gammalt, gamla and...? I wrote down the Alternative Patterns that figure on the tips and notes, but I can't work this one out :c
gamla is often used in plural; "gamla hundar" old dogs.
and gammalt is often something used for describing like, "det är ett gammalt hus" It is an old house.
(then there's something called "gammal" which is used for singular forms. like; "min hund är gammal" my dog is old.)
While it would normally follow the pattern gammal, gammalt, gammla, I'm not sure that one is able to pronounce a double-consonant followed by another consonant, so gammla would become gamla. Don't take my word for it; I don't know if Swedish allows double vowels followed by vowels. I'm probably incorrect.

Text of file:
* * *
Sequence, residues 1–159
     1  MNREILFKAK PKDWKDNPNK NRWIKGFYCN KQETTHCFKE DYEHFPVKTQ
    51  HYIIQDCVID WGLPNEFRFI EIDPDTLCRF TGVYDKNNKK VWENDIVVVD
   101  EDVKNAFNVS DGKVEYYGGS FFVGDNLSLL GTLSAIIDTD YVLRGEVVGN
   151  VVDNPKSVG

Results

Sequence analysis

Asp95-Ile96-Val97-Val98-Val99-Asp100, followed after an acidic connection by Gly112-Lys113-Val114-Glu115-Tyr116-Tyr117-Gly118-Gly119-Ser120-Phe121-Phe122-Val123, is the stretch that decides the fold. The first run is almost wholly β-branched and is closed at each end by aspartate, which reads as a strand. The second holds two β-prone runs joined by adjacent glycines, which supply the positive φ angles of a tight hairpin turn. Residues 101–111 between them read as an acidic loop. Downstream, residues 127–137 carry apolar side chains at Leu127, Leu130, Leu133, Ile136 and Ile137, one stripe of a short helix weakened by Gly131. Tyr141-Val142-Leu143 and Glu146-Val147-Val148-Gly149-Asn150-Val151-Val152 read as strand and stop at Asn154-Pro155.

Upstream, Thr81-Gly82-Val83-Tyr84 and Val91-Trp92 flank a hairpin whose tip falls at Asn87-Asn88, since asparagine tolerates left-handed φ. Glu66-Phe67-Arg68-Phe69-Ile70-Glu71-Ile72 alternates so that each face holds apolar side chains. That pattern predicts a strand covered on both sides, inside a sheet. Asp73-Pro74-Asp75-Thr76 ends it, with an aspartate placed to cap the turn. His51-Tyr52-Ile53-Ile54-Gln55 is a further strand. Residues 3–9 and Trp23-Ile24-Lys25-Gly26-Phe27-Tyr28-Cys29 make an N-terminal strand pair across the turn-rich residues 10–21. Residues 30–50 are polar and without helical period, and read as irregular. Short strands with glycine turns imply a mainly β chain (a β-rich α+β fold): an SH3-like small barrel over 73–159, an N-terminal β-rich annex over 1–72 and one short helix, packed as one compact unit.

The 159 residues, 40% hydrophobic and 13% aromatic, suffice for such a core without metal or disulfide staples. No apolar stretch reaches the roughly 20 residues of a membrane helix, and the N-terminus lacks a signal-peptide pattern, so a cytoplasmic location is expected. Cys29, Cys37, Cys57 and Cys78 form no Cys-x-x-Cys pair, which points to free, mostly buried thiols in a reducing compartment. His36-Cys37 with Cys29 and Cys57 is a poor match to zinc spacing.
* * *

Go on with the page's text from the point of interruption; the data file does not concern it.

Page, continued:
There can be 2+1, for example "kallna", to cool down. However "M" is ever only double between two vowels (and the first vowel is short, and word don't derived from "döma" (judge)), or at the end for the three exceptions "damm, lamm, ramm" (because there is also long vowel "lam, ram, dam") (pond/dam, lamb, ram, paralyzed, frame/bear-paw, lady)